U.S. Army in the collection of NPS/Gateway NRA
Cold War Defenses
Anti-Aircraft gun batteries were first constructed at the end of World War I. During World War II it became clear that the viable threat to the U.S. coast was from the air, and no longer from the sea. Anti-Aircraft batteries numbers increased and coastal gun positions were removed. After World War II ended, the Coast Artillery was abolished. Anti-aircraft guns were now the only defenders of the coastlines. These weapons stood ready during the Korean War, but they could only shot down propellered airplanes. Jet fighters flew higher and faster. This lead to the development of the Nike Air Defense Missile.
From 1954 until 1974, during the height of the Cold War, Nike Missiles guarded the New York area. The missiles were able to intercept long range Soviet Bear Bombers and destroy them while still over the ocean. Nineteen Nike Missile sites ringed New York City. Two of the missile sites and the Headquarters unit were located in what is now Gateway NRA. Fort Hancock (NY-56) and Fort Tilden (NY-49) operated from 1954 to 1974, while Fort Wadsworth was the Headquarters of the 52nd Anti-Aircraft Brigade from 1954 to 1960.
Soldiers assigned to the Nike Missile defenses worked in one of two locations within a site. They worked at the Missile Launch Area or the radar area, known as the Integrated Fire Control Area (IFC). These soldiers lived at these locations in ready barracks when they were on 24-hour duty shifts.
Fort Tilden and Fort Hancock were both considered double battery sites as they each had two missile batteries. Each battery had two underground storage rooms for a total of 4 magazines at each site. Each magazine room had a large elevator that raised and lowered missiles.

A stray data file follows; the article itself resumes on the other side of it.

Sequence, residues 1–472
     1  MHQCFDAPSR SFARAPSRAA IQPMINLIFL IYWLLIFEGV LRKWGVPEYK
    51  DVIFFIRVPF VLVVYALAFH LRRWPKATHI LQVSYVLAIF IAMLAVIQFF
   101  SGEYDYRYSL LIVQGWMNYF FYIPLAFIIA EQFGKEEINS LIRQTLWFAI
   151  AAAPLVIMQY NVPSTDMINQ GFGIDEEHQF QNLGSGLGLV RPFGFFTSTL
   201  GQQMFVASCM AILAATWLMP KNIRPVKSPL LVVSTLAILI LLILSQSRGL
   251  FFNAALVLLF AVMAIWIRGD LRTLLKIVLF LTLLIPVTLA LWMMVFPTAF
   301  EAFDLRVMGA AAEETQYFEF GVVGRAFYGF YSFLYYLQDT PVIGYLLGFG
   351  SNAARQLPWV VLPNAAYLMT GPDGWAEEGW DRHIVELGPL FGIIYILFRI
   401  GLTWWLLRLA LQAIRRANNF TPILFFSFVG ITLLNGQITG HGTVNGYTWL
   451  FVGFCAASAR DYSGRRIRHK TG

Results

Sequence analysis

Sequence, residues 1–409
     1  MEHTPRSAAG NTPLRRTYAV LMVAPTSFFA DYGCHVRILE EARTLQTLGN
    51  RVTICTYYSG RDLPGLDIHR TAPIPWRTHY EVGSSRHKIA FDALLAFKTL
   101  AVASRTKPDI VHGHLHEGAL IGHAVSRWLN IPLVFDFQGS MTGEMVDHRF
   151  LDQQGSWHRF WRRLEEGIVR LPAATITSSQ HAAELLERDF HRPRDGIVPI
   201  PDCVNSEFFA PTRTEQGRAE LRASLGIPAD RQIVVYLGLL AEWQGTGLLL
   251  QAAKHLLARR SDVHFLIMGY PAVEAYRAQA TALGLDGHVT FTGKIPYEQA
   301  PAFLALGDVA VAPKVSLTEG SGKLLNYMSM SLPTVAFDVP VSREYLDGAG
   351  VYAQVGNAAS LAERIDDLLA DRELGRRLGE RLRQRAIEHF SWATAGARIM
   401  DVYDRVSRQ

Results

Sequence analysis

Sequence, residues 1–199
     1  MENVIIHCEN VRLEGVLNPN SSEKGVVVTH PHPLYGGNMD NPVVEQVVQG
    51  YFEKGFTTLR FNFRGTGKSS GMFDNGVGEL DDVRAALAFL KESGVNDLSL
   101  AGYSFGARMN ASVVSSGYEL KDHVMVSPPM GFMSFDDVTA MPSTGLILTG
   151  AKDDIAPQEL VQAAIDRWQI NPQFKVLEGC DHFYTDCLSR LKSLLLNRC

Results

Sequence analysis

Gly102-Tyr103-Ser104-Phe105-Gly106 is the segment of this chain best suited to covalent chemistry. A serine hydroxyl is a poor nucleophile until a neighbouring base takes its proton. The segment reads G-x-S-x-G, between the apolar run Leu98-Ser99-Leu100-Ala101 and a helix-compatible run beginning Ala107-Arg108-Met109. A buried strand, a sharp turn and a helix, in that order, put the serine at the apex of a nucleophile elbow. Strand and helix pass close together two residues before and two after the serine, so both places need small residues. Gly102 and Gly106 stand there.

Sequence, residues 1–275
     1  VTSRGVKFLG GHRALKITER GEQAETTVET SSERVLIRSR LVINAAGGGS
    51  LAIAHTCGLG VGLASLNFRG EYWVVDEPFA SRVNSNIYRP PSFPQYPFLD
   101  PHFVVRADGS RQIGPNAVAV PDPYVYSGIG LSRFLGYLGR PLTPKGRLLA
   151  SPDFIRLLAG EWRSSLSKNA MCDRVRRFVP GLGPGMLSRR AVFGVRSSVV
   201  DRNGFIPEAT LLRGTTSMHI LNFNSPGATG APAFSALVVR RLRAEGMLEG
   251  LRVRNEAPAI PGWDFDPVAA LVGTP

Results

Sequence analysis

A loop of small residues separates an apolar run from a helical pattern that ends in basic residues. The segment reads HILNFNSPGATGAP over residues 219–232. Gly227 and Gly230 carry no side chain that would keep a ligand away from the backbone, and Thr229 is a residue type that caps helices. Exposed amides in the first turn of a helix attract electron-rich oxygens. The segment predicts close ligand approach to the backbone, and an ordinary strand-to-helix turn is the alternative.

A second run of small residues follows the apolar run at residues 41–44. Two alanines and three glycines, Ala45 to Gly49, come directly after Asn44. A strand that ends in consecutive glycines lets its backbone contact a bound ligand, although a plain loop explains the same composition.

The IFC had three types of radar. The first, called Acquisition Radar located the enemy target. Target Tracking Radar then followed the target. The third radar type was Missile Tracking Radar that would follow and guide the Nike to destroy the target.
Nike batteries were part of ARADCOM, the U.S. Army Air Defense Command. Placed strategically near cities throughout the country to prevent, “destruction of the centers of America’s great retaliatory and productive might,” the batteries defended against Soviet aggression.
The first Nike Missile developed was the Ajax. This missile could fire and destroy a target at 30 miles. By 1958, the Hercules began replacing the Ajax. This larger missile had a range of over 96 miles and was designed to carry a nuclear warhead. In 1974, all remaining Nike batteries were disarmed in compliance with the SALT treaty signed with the Soviet Union. Also, the arms race’s newest weapon, the Intercontinental Ballistic Missile (ICBM) made them obsolete.
For more information on Fort Hancock during the Cold War, click here.
For more information on Fort Tilden during the Cold War, click here.